Carlos Ghosn, the CEO of Japan's Nissan Motor, has dismissed worries that the auto industry is in crisis after the world's sixth largest automaker slashed its profit outlook last week.
Nissan cut its annual net profit outlook for the year ending March 2014 by nearly 20 percent to 355 billion yen ($3.62 billion) amid an expected slowdown in its emerging market sales and quality issues involving multiple vehicle recalls.
"Frankly I don't think the industry is in a crisis because the industry will see another record year in 2013 and 2014. [The] prospect is also good," Ghosn told CNBC Thursday.
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According to Ghosn, the downgrade to Nissan's profit forecasts was a result of the company being cautious about potential headwinds it could face as it ramps up aggressive expansion plans.
"When car manufacturers are engaged in a very strong growth - particularly in the case of Nissan -- they are a little bit vulnerable to head winds... a lot of your resources are dedicated to growing. If you have too many headwinds at the same time that you are investing a lot of money, you are more in a certain way vulnerable to readjusting your profit forecast," he said.
Nissan is aiming to raise its global market share to 8 percent by the end of March 2017 from last year's 6.2 percent and has been boosting efforts to build capacity worldwide. It is constructing eight new plants and expanding a factory in Russia.
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The automaker's relentless push into emerging markets has led to some concerns over its over-exposure to what most view as a risky asset class.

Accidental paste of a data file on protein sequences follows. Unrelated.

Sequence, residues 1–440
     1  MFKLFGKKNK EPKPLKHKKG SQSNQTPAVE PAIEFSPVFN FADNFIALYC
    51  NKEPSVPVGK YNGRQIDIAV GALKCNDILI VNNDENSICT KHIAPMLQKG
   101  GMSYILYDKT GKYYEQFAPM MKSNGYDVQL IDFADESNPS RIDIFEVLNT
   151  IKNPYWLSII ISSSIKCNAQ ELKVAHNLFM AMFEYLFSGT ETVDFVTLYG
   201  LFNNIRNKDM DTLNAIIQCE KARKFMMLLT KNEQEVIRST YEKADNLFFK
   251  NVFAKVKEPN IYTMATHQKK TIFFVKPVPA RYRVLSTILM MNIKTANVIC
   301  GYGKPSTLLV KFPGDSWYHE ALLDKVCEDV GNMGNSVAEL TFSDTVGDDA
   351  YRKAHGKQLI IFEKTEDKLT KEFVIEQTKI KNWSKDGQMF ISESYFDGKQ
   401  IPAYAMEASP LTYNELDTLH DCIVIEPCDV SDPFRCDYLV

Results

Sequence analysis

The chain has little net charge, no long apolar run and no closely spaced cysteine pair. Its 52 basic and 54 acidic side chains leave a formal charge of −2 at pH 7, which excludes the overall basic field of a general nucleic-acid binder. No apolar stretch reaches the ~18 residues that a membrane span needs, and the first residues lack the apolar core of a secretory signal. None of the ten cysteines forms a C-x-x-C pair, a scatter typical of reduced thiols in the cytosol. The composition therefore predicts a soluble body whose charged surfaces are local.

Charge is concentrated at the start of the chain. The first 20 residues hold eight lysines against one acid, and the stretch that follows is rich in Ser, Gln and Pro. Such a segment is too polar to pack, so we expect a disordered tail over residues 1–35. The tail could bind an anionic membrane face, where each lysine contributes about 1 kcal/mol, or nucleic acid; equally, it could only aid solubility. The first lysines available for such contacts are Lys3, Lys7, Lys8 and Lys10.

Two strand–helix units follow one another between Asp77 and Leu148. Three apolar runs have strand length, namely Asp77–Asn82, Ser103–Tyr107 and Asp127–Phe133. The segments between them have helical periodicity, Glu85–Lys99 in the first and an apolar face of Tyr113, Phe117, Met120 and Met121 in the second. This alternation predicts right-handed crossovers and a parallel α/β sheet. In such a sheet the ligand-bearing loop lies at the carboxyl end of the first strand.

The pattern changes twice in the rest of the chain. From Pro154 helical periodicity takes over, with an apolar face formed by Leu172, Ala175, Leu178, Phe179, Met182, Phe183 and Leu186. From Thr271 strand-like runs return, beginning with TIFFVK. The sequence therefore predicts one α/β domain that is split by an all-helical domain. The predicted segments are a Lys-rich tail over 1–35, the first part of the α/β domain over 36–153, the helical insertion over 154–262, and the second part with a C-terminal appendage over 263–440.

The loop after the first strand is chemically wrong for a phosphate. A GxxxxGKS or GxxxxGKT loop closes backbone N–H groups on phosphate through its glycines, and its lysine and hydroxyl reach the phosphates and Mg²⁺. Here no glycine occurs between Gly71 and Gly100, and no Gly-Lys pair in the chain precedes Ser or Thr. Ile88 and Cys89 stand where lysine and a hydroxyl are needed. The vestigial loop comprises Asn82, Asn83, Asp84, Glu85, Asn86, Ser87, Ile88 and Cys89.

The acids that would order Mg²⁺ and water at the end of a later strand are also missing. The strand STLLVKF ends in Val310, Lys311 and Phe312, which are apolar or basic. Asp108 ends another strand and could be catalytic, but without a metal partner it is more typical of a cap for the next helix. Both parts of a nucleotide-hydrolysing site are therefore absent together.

But Ghosn has defended the growth story of emerging markets: "We know very well...growth in emerging markets will never be linear. You're going to have great years, some correction, [and] from time to time, stabilization. We're ready for that."
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The CEO also weighed in on the surprise rate cut by the European Central Bank cut on Thursday, saying he thought the cut would help improve the environment for companies and entrepreneurs in Europe on a broader scale, but added that he had doubts it would help automakers directly.
"No I don't it's going to be boosting [autos]. I think it's going to be one of the elements helping create a new environment for European [companies]," he said.
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"For the last five years, Europe was about deficit, crisis of the euro and big doubts about the future and uncertainty. We're starting to see a shift where people are starting to look at the future with a little bit more assurance. The fact [is] that the ECB is supporting that," he added.
Ghosn is also CEO of Paris-based auto maker Renault. The two companies have been strategic partners since a cross-shareholding agreement in 1999. The two manufacturers maintain their independent brand identities but each acts in the financial interest of the other.
CNBC spoke to Ghosn on the day of the launch of the Nissan Qashqai.
— By CNBC's Katie Holliday: Follow her on Twitter @hollidaykatie